# Intuitive understanding of integral of vector valued functions

Today in class we were introducing complex line integrals. And that got me thinking, I don't know of a good interpretation for integrals of functions from $\mathbb{R}$ to $\mathbb{R}^2$ or $\mathbb{R}^3$. By a good interpretation I mean some (possibly geometric) way of intuitively understanding what such an integral means and why it's calculated like it is.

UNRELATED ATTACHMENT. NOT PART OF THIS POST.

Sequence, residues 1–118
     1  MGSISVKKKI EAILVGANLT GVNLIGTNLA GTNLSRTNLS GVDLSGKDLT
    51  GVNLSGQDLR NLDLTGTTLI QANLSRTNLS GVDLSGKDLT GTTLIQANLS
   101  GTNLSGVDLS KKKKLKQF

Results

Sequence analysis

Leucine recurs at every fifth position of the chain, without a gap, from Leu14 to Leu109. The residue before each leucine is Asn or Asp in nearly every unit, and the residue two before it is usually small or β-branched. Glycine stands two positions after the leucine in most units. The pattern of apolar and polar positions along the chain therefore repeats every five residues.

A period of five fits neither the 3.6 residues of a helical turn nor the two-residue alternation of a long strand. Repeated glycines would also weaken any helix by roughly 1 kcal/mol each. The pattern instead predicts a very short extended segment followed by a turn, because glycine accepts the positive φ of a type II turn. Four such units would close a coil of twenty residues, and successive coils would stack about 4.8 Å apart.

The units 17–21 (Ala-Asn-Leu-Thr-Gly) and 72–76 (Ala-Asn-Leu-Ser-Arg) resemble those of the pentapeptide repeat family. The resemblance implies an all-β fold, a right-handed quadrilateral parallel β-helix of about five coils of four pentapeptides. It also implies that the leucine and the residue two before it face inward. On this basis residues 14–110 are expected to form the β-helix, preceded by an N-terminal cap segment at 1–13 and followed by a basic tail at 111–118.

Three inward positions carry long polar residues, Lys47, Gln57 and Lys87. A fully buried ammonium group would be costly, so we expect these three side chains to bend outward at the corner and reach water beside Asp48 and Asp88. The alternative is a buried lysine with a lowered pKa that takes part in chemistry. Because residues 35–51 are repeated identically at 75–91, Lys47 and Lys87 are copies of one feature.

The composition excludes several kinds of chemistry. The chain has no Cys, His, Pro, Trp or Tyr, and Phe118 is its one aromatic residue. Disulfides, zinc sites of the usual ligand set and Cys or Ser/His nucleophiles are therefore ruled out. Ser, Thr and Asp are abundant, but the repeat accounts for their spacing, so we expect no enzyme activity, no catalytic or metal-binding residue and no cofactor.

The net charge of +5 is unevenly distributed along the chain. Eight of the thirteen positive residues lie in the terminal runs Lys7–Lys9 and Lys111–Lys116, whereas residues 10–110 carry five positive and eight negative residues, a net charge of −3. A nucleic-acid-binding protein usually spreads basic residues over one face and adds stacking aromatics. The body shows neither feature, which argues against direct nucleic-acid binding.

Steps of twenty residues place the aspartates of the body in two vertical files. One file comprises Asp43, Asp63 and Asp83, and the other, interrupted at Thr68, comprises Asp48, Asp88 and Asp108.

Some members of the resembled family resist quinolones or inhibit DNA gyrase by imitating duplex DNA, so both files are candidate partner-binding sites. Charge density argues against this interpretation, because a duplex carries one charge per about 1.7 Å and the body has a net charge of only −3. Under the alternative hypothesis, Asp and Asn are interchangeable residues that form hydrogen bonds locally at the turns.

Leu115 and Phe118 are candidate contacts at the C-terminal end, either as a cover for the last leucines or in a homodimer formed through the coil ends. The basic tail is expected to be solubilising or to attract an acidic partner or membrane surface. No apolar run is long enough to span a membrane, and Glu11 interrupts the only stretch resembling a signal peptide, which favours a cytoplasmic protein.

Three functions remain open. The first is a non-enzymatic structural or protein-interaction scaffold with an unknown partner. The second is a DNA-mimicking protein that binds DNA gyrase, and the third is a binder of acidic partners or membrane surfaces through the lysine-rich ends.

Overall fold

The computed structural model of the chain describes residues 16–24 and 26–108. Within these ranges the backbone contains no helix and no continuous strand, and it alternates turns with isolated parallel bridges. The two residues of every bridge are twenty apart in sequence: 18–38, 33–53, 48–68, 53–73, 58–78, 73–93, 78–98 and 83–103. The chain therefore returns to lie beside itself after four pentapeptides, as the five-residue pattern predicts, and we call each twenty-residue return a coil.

It's easy to understand why, if $\mathbf{r}(t)$ describes the position of a particle at time $t$, then $\int_a^b \mathbf{r}'(t)\ dt = \mathbf{r}(b)-\mathbf{r}(a)$, by imagining lots of small tangents to the curve $\mathbf{r}(t)$ being added up. It's harder to picture what $\int_a^b \mathbf{r}(t)\ dt$ means without thinking of $\mathbf{r}(t)$ as a derivative. Does anyone know of an intuitive interpretation for this kind of integrals?

-